Six thousand young people graduated from the four-year National Rural Youth Corps (Narysec) programme at Thaba Nchu College of Education in the Free State on Tuesday.
South Africa launched its National Rural Youth Service Corps in 2010. The programme was established by the Department of Rural Development and is designed to complement the government's job creation model.
The Youth Corps aims to help transform young people in the rural areas from being job seekers to being job creators in their own right, as well as reducing their dependency on social grants.
Speaking at the graduation ceremony on Tuesday, Gugile Nkwinti, the minister of Rural Development and Land Reform, said, "In the coming years, we will be talking about a changed and different rural [life] in South Africa.
"It is equally reasonable to predict that because of skilling and creating employment for our young people in our rural areas through Narysec, [it] is bearing fruit."
The long-term programme, which also aims to uplift rural areas with services and infrastructure, started out with 7 900 participants. There were now about 14 000 people enrolled in the programme, Nkwinti said.
In 2012, the recruitment drive for the programme was increased from four to six people per rural ward and include residents aged between 18 and 35 who have completed Grade 10. They are trained in technical, artisan and social-work skills.
"The Presidency is the developer of youth policy in the country," Obed Bapela, the Deputy Minister in the Presidency: Performance, Monitoring and Evaluation, said at the ceremony.
"Narysec is indeed becoming an intervention programme taking young people, who are unskilled and unemployed in the rural areas, and giving them a second opportunity to be able to get the necessary skills to either seek employment or start their own entrepreneurial opportunities.
"It is a very good programme and it has been supported and sustained. We hope that other departments will develop their own programmes that are similar to Narysec to [counter the] challenge of youth skills development," he said.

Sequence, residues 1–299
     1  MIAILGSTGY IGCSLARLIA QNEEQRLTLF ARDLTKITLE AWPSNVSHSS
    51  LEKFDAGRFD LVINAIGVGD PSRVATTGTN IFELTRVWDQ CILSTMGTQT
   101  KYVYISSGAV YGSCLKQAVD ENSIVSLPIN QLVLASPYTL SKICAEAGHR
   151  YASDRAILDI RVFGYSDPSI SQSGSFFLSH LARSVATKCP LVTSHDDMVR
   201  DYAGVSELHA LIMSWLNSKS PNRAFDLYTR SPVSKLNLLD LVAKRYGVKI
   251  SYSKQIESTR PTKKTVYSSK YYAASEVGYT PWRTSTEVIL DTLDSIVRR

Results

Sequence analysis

A graduate of Narysec, Colbert Mabasa, 29, from Mukhomi village in Limpopo who was attending the ceremony, told SANews that the programme created invaluable job opportunities for young people.
"My life has changed because of the construction and agricultural skills that I've acquired through the programme. I value this programme and I can see the difference the programme is making to young people's lives, mostly in rural areas.
"I know how to build, plaster and make roofing. Before I started with this programme in 2010, I was unemployed and unskilled.
"Currently, I am building houses for people in my village. I've already registered my construction company and I've employed five local people," he said.
Mabasa was part of a group that visited China recently to learn agricultural skills. He also runs a two-hectare garden where he grows vegetables to sell to retailers.
"I've been sitting doing nothing at home since I matriculated in 2008 as there was no money for me to further my studies. My results were also not good. But now this programme has changed my life for the better and I'm always working very hard so that I can also change the lives of other young people in my village," he said.
The graduation ceremony was preceded by the handing over of Thaba Nchu College of Education to the Department of Rural Development and Land Reform by Free State Premier Ace Magashule.
The college is now the headquarters of the Youth Corps programme. It will also be used as the permanent exhibition centre of the 1913 Land Act Exhibition.
- SAinfo reporter and SAnews.gov.za